"One of the most important events on a dairy is calving," said Mark Thomas, D.V.M., a New York veterinarian and consultant with Dairy Health and Management Services, LLC.
During his presentation at the Calf and Heifer Congress in Rochester, N.Y., Thomas emphasized that the events that occur before, during and after parturition can have a significant impact on the livelihood of the cow and calf.
Any process that disrupts or prevents the normal birthing process is considered a difficult birth or dystocia. Thomas explained three basic causes of dystocia: a problem with the cow (lack of uterine contractions, hypocalcemia, small pelvic diameter or uterine torsion), a problem with the calf (malpresentation or abnormal position, excessive size, deformity, twins or decomposition of the fetus), or a combination of the two.
One major problem associated with difficult calvings is the elevated risk of stillbirths. There are many published risk factors for dystocia and stillbirths on the farm, the most common being a disproportion between the fetus and the pelvis, Thomas said. In particular, research from 2006 found the odds of stillbirth to drop 36 percent for every 1 percent decrease in calf birth weight relative to dam body weight. The same research also found a 5.2 times greater risk for stillbirths in first-calf heifers than cows.
Studies over the past few decades have pinpointed other risk factors that lead to dystocia and/or stillbirths. A few include:
-A generally observed 25 percent higher risk for dystocia with male calves, caused not only by size but by other morphological differences, as well.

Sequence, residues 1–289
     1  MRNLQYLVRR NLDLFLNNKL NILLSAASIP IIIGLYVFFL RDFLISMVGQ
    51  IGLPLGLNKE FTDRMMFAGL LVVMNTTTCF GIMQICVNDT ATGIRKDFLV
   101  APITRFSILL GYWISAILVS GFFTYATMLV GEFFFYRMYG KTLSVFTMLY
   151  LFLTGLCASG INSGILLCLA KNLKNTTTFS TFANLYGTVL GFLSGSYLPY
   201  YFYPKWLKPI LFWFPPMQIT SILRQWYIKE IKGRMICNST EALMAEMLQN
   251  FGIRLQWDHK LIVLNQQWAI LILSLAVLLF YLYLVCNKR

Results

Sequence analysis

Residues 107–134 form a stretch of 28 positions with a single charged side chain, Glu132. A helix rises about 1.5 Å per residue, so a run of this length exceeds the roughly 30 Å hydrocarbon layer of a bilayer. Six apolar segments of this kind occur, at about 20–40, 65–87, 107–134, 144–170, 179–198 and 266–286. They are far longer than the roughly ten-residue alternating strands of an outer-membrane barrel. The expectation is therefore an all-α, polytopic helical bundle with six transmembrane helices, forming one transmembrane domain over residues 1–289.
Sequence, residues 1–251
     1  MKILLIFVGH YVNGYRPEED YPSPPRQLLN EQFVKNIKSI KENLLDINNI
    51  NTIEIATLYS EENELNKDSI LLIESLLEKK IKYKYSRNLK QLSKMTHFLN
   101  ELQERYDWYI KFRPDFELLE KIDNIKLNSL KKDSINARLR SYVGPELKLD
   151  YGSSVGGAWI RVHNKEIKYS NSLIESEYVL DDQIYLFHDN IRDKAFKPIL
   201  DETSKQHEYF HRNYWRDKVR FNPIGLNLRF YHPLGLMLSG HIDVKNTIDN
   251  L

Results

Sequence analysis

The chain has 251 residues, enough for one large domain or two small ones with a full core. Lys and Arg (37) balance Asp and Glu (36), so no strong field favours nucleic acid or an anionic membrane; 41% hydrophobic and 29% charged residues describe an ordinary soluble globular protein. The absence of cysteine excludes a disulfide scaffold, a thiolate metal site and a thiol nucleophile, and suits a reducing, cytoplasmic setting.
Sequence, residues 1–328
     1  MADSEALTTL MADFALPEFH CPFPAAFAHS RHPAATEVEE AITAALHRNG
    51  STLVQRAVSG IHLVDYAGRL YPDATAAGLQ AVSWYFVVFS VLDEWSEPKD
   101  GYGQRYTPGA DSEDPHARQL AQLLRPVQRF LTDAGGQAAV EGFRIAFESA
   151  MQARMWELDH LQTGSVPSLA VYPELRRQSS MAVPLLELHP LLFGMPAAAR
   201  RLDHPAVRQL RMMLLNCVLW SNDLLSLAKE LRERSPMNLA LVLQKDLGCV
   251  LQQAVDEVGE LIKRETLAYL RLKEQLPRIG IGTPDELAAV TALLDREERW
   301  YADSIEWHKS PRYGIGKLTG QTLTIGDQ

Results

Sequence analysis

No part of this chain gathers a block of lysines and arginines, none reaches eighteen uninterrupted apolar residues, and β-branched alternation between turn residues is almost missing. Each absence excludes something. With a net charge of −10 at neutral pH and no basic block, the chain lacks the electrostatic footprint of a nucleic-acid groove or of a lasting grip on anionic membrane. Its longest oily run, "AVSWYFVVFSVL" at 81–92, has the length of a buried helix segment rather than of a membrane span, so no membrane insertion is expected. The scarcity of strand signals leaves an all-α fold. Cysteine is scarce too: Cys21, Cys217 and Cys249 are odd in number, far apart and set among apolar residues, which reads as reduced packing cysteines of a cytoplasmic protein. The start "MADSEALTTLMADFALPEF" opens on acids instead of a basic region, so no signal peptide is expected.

-Extreme body condition (less than 2.75 or greater than 3.5) has been found to have a significant effect on stillbirth risk.
-Calcium status of the cow can play a role, with a 22 percent reduction in stillbirths found for every 1 mg/dl increase in serum calcium.
-A case of bovine respiratory disease (BRD) as a calf has been correlated with a 1.5 times greater risk of a calving ease score greater than 2 at first calving compared to untreated herdmates.
The causes are many, but on some farms, the rate of stillbirths is concerning, Thomas said. He encouraged farms to train employees in the maternity area to know the stages of calving and when to intervene. "Formal training is critical to success," he said, "and understanding normal parturition is critical to detecting the abnormal."
He highlighted the importance of follow-up observations and retraining if needed, and engaging a veterinarian in the teaching process. He also emphasized good communication between employees, working carefully and intervening only when needed.
"We are delivering babies, let's keep this in mind," he said.
The author is an associate editor and covers animal health, dairy housing and equipment, and nutrient management. She grew up on a dairy farm near Plymouth, Wis., and previously served as a University of Wisconsin agricultural extension agent. She received a master's degree from North Carolina State University and a bachelor's from University of Wisconsin-Madison.